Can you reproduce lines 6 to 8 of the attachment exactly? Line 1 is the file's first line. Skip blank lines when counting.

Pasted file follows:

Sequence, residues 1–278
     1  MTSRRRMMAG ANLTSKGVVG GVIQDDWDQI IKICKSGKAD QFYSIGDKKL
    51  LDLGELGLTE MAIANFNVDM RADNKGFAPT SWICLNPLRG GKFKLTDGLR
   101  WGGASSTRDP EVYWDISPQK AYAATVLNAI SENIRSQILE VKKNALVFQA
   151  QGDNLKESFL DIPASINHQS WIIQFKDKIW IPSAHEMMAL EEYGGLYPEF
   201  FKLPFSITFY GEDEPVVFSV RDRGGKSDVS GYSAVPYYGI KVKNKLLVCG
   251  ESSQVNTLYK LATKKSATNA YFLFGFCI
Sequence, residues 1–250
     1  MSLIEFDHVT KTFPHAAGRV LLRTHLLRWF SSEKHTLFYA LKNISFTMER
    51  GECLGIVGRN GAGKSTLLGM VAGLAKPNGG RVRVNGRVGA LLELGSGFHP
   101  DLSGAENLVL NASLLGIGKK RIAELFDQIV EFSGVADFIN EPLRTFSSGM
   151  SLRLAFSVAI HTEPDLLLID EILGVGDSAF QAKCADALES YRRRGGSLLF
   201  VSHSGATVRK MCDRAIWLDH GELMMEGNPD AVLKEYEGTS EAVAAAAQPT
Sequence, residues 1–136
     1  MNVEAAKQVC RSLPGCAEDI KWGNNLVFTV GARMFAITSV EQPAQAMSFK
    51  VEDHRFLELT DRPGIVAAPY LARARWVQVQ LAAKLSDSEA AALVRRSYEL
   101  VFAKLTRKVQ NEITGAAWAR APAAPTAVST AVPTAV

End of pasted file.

   201  FKLPFSITFY GEDEPVVFSV RDRGGKSDVS GYSAVPYYGI KVKNKLLVCG
   251  ESSQVNTLYK LATKKSATNA YFLFGFCI
Sequence, residues 1–250